After that odd motor vehicle accident in May I took it easy for several weeks.  My back was sore and my neck and shoulder were just not happy, particularly on my left side.

A few physiotherapy, osteopathy and chiropracty appointments in, and I am feeling considerably better.  The ligament sprain/strain in my right wrist remains irritable and restricts some of my activities, but the rest has sufficiently resolved to let me get back to barefoot running.

Heeding advice to ease into this wonderful past time, I am back to start.  That is not a bad thing.  With this in mind, I want to slowly build a weekly kilometre base and focus on form:  the looseness of my body, the cadence of my stride, becoming relaxed, smooth and efficient.  I want to release thought to feel the joy in running, to experience the freedom of moving with and of nature in my feet without borders.

Last Sunday I headed out for a short run in the dampness of an early morning.  I ran along the asphalt surface of the rural road on which I live.  It was a slug fest out there and I was hugely entertained by doing the dodge-the-slug dance during the short, maybe 3k distance.

Midmorning Tuesday and Thursday I ran the boardwalk of Victoria Park.  Running by the water has the exact same effect on me as does running into the sunrise.  Both are strongly reminiscent of how I feel when oxytocin floods me during spooning.  Spooning elicits a total peace and contentment in being with; the water and sun in just being.

On Tuesday, for the first time, I strode off the end of the boardwalk and did a loop around a city block before returning to the waterfront.  I was a bit anxious.  There was road construction and city workers with weed whackers.  It was okay and I enjoyed the cool shade along West Street as there is no shade along the boardwalk.  On Thursday I added the extra bit of city street to go as far as the armory before returning to Brighton Road.  The Tuesday run was about 3.5k and the Thursday distance was close to 5k.

This morning I ran along my rural route again.  The sun was already low in the sky at 6:00am and giving off a bit of heat behind me.  The breeze swayed the uncut hayfields and allowed the rustling leaves to imitate the sound of a rainfall.  Silent sheep grazed, ignoring me in uncharacteristic fashion but the birds sang, the woodpeckers played percussion, and a dog woofed a startle into me.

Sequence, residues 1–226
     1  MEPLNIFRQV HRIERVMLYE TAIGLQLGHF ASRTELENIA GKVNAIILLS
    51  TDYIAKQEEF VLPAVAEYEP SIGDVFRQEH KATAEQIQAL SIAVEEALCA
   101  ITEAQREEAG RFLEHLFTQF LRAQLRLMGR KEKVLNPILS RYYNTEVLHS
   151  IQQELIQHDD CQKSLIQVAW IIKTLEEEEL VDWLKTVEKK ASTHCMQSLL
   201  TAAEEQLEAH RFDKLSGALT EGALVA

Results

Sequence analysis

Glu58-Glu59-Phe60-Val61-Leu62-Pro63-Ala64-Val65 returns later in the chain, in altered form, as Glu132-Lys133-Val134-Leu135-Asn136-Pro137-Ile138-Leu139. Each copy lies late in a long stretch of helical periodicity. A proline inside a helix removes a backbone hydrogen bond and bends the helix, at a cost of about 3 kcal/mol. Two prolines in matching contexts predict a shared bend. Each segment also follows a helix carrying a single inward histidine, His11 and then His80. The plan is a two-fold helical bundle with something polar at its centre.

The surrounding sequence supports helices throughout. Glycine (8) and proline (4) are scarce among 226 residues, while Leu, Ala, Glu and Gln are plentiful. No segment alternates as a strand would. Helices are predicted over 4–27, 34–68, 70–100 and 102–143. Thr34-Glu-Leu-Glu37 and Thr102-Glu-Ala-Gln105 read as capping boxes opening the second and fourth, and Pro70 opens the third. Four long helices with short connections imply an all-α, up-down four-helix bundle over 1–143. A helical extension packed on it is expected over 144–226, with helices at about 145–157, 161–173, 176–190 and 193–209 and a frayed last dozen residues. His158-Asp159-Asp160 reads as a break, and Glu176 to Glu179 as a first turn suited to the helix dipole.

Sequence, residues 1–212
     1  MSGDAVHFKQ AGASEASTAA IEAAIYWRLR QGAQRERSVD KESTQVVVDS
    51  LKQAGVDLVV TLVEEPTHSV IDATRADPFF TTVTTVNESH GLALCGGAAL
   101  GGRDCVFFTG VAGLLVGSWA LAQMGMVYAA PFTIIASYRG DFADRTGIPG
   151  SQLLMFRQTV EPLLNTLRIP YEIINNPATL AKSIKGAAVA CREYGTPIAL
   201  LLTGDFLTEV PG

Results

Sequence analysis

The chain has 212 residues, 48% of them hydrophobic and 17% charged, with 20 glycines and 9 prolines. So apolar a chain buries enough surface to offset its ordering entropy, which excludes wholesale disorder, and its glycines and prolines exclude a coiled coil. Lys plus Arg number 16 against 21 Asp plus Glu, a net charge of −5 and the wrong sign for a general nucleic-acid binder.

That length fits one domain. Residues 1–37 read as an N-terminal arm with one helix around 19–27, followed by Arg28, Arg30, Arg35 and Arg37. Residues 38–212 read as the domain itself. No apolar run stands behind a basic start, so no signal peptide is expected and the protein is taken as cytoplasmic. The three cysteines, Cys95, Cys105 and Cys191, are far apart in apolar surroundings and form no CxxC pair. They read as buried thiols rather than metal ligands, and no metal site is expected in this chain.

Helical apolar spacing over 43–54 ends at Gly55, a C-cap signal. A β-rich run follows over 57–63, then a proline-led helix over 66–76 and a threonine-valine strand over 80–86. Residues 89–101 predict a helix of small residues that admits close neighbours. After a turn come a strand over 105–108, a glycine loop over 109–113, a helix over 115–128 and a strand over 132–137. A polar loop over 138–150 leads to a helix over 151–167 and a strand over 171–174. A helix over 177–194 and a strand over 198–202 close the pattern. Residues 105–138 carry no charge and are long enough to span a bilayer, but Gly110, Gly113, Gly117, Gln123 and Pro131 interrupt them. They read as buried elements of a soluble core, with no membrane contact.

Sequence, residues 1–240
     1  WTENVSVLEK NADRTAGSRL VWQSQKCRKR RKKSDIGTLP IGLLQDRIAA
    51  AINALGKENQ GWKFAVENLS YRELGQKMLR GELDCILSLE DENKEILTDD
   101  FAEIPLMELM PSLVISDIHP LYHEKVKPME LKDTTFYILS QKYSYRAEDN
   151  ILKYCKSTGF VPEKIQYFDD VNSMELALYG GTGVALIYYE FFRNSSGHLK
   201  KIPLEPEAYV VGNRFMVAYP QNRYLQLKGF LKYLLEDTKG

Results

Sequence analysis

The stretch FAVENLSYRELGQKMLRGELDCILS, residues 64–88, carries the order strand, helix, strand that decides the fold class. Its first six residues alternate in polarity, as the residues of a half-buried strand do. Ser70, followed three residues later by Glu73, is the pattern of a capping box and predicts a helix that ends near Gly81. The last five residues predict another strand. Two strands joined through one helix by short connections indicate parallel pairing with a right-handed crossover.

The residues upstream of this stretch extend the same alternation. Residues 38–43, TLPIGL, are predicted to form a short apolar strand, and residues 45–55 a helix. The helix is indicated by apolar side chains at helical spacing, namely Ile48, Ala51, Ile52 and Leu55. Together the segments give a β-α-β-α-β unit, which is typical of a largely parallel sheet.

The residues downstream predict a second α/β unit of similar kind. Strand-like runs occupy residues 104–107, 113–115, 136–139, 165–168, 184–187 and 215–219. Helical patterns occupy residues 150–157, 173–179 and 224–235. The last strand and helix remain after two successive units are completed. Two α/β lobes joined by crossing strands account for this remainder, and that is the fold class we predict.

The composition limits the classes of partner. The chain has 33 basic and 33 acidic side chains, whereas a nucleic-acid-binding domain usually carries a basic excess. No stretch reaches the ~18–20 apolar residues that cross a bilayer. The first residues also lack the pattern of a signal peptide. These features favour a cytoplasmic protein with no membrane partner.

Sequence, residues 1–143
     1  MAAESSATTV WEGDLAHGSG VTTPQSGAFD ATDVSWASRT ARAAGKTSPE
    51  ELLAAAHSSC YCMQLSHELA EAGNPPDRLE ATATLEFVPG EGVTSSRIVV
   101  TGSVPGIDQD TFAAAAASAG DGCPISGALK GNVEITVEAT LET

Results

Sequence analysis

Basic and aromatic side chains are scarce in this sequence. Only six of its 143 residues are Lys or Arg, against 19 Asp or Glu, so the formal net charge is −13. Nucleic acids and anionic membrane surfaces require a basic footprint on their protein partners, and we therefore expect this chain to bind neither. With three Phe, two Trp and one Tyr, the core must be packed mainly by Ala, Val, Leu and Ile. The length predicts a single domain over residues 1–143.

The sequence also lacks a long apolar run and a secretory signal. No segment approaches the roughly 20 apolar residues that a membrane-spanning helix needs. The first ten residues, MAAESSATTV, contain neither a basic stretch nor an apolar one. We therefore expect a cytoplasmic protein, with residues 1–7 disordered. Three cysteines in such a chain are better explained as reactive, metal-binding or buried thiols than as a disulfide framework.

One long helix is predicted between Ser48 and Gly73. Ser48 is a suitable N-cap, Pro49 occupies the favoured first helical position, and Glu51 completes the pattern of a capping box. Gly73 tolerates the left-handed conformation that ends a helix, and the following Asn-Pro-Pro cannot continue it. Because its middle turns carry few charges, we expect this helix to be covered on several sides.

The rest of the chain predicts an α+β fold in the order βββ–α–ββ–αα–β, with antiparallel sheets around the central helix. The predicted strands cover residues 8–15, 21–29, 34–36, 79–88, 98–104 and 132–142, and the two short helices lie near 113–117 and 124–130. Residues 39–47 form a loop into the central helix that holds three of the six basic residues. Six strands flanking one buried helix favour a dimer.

I ran with smaller strides than I would with shoes on, trying to keep my legs always under my centre of gravity and striving for about 180 strides per minute.  I sometimes feel like a cartoon character at this stride rate as I am not yet used to the relatively rapid rate. You can get an idea of this cadence from The Vapors:

Running barefoot naturally makes me a vigilant scanner of the surface on which I’m running.  On the boardwalk there are raised nail heads of which to be cautious.  The older boards have a lot of give to them and I have to take care not to have my toes catch on the depression and lift against the next board.   The city sidewalks are mainly clear of debris though pebbles are common along driveways.  Newer concrete blocks are smooth and easy to run on.  Older ones have worn under weather and feet until the rough gravel protrudes, making for a rougher though not unpleasant surface.

Much is the same for the asphalt on which I run.  Some places are quite worn and bumpy, the centre of each lane and the edges showing the dull gray razor burn of winter snow plows.  Tar patches are soft and pleasingly cool in the early morning and I seek them out.  The slanting sunlight casts thousands of small shadows in the pock marks on the road, reminding me of miniature lunar craters, and gives the illusion of pebbles strewn along the asphalt, causing me some consternation.  It is an enjoyable learning curve I am climbing as I hop, zig and zag to avoid the nonexistent pebbles.

With this morning’s 6k, give or take 100m, completed and contemplated, I am feeling good.  I have stride issues to continue to work on and must work more on relaxing my toes, which seem to be grabbing on to the planet instead of just sitting back and enjoying the ride.  Harbouring some reservations regarding a fall training schedule, I plan on running the same 10k I ran last year again this year.  This year, however, my goal is to run it barefoot.